At a University of Leicester public lecture, Dr. Toby Jenkins, a leading researcher in nano-biotechnology and Head of Biophysical Chemistry Research at the University in Bath, will enlighten students on the mysteries of nano-biotechnology by demonstrating how it can be applied to an exciting novel medical development.

Across five countries in Europe, research is currently underway applying this science to the production of a state-of-the-art medical wound dressing which monitors if a burn or wound has become infected by bacteria. The dressing is designed to automatically release an antimicrobial agent if the wound becomes infected, if the infection continues, the dressing changes color in order to alert the patient or clinicians.

The lecture, being hosted by the University’s Center for Interdisciplinary Science on 24 November, is called “A smart wound dressing concept for detecting and treating infection in pediatric burns wounds.”

Although the problem of infection, particularly with the development of drug-resistant bacteria, such as MRSA, is well known, less is known that infection is a cause of death in half of all individuals who die as a result of thermal burns.

The focal point of the technology being developed by Jenkins and his team is to treat young children’s burns. In the lecture, Jenkins will explain the clinical context, how this new technology will make a difference to the clinical outcomes of burnt children in the future, and why they are focusing on children.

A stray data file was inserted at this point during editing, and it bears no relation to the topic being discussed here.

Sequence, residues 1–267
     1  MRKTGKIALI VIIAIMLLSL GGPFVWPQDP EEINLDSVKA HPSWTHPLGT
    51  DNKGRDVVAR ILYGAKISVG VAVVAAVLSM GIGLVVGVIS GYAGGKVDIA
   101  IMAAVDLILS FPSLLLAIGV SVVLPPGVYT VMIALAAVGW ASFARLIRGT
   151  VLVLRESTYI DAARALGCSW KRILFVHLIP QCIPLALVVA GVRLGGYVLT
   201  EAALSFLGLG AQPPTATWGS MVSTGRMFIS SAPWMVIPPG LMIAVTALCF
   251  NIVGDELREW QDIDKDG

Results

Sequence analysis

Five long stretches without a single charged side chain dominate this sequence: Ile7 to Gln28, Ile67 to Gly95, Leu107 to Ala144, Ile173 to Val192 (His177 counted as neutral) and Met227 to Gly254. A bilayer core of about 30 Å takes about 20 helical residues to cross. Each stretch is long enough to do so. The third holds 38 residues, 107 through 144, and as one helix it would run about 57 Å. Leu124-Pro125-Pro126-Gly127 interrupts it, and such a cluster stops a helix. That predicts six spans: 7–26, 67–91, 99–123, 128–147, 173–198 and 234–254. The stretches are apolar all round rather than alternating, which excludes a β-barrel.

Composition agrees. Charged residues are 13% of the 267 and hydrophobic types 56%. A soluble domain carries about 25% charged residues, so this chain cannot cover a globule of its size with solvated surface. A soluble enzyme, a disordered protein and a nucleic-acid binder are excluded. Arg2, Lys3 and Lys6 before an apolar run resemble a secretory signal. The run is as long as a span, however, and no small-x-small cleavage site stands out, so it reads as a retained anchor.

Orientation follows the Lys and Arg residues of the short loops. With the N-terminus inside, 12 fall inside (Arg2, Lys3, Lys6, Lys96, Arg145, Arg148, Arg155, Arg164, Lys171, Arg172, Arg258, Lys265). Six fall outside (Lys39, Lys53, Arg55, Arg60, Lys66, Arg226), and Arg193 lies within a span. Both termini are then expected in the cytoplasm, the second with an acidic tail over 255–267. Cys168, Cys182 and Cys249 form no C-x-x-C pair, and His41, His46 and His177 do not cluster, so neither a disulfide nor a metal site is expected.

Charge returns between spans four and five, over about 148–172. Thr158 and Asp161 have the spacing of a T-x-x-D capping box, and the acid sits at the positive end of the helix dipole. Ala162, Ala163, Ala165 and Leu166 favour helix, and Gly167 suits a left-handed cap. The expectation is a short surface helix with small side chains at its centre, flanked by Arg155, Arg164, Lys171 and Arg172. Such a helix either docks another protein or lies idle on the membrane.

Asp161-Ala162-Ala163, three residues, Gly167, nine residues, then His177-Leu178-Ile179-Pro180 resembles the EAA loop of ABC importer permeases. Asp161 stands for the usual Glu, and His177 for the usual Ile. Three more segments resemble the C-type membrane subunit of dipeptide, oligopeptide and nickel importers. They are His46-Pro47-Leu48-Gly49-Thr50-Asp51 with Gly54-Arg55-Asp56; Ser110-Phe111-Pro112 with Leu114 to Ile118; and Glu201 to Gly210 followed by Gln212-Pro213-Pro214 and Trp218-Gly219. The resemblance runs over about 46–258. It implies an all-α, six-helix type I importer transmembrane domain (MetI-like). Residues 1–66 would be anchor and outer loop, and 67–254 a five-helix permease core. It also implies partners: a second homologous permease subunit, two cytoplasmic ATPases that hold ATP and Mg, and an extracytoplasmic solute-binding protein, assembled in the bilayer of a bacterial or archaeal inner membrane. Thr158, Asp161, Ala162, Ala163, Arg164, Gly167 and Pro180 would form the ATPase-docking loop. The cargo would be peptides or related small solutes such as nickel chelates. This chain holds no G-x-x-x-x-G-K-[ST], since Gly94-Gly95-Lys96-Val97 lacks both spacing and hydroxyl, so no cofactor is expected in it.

Derek Raine, Director of the Center for Interdisciplinary Science explained:

“Applications of nanotechnology to biology is a core example of a field of research that crosses the boundaries between the traditional disciplines and lies at the heart of the motivation for the development of our undergraduate program in Interdisciplinary Science that encompasses these boundaries.

As head of the leading cross-disciplinary research institute we are particularly delighted to welcome Dr. Toby Jenkins to talk to our Interdisciplinary Science undergraduates at Leicester, and please to be able to open up the lecture to a wider audience.”

The Centre for Interdisciplinary Science gathers academic staff from the University’s College of Science and Engineering in order to provide teaching across the various science disciplines. It’s Interdisciplinary Science Guest Research Lecture aims to provide a lecture for both non-experts as well as undergraduates who have an interest in science to attend and to raise awareness of current interdisciplinary research topics.

The lecture begins at 5pm in Room E, on the 1st floor of the Physics and Astronomy department at the University of Leicester. The lecture is free to attend, but to register for the following drinks reception e-mail:

Written by Grace Rattue